Ottawa urged to pause proposed B.C. port expansion, consider alternative plan

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A plan to build a new shipping container terminal the size of nearly 144 football fields at a major Metro Vancouver port has sparked a rival proposal along with concerns for endangered orcas and the salmon they depend on.

The three-berth, $3 billion terminal proposed by the Vancouver Fraser Port Authority would be built next to the existing Deltaport and Westshore terminals at Roberts Bank in Delta, B.C.

In 2020, a federally appointed independent review panel found the Roberts Bank Terminal 2 project would support competitiveness for Canadian markets and local communities could benefit from business and employment opportunities.

However, it also concluded the project would have “significant adverse” effects on southern resident killer whales, of which just over 70 remain in the wild. It would also affect the availability of the orcas’ favoured prey, chinook salmon.

Ships are loaded with coal at Westshore Terminals in Delta, B.C., in this picture from 2014. There are two proposals to expand capacity at the port — one from the port authority, and another by the company that runs Deltaport. (Darryl Dyck/The Canadian Press)

The port has since changed its original proposal to reduce harmful effects.

Draft conditions for the project, released by the Impact Assessment Agency of Canada, show the port would be required to consult with provincial and federal government agencies and Indigenous groups to develop mitigation measures.

The deadline is Tuesday for the public to comment on the project before the federal environment minister decides whether the effects would likely be significant and refers them to cabinet to determine whether they are justified in the public interest.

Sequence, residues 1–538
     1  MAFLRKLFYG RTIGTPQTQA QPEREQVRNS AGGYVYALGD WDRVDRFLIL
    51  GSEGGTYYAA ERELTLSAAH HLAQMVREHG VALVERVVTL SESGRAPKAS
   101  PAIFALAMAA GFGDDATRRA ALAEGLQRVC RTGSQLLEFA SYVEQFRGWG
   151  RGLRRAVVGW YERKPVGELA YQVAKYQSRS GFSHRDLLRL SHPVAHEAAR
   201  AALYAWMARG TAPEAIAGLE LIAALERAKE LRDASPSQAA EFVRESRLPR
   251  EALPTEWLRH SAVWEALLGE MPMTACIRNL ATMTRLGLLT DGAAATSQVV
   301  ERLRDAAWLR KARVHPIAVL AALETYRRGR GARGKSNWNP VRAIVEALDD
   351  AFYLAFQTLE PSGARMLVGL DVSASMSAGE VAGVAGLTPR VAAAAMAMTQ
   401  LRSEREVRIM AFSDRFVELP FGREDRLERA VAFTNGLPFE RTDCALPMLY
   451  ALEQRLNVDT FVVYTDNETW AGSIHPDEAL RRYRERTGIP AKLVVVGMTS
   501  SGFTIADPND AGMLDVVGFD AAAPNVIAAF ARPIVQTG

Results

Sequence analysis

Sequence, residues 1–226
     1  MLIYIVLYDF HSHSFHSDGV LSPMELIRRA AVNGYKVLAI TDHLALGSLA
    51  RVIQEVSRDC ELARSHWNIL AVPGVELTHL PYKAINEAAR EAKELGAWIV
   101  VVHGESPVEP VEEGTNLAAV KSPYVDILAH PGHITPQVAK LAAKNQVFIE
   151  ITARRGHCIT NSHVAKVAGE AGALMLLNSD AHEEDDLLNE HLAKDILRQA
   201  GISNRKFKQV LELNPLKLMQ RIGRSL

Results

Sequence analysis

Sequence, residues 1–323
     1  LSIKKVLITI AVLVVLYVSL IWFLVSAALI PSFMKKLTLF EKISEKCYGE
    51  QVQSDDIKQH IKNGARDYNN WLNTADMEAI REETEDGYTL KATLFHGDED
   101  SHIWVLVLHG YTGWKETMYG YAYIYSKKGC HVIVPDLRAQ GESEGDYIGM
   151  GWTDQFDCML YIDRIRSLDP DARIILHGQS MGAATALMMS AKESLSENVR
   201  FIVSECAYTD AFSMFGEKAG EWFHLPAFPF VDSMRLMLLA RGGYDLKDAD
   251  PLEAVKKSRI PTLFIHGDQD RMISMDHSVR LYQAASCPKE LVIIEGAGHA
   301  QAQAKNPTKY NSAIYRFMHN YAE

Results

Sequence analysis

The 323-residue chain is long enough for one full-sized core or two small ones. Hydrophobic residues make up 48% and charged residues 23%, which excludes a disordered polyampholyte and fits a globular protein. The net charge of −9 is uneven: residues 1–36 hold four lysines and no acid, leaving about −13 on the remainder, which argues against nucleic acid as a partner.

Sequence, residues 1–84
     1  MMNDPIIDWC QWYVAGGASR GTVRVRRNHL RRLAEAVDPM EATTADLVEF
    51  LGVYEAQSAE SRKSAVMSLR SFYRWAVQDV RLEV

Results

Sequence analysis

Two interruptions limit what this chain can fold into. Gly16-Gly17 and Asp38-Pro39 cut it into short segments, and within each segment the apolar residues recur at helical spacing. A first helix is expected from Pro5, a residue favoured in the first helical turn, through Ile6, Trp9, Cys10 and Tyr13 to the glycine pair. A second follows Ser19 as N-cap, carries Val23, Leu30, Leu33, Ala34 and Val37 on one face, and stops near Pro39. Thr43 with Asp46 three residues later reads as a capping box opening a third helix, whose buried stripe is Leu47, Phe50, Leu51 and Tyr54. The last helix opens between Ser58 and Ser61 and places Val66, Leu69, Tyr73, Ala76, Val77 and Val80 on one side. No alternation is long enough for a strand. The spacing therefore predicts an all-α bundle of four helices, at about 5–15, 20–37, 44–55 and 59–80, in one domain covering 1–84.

In this illustration from a federal review panel document published in 2020, the proposed footprint of the Roberts Bank 2 Terminal project is laid out. (Impact Assessment Agency of Canada)

At the same time, a review panel has been tasked with examining an alternative proposal to increase capacity at the port by Global Container Terminals.

The Vancouver-based company operates the existing Deltaport terminal, for which the port authority is the landlord. Global is proposing to add a fourth berth for ships and expand a rail yard along the five-kilometre causeway that connects the port to land.

A description of the $1.6 billion-project, submitted to the B.C. Environmental Assessment Office last year, says it would have a smaller footprint than a new terminal and it would not extend the port any farther into the ocean.

The fourth berth would also be located in the southern resident killer whales’ protected habitat and the company has proposed measures to mitigate its potential effects on wildlife.

Council and expert criticizes project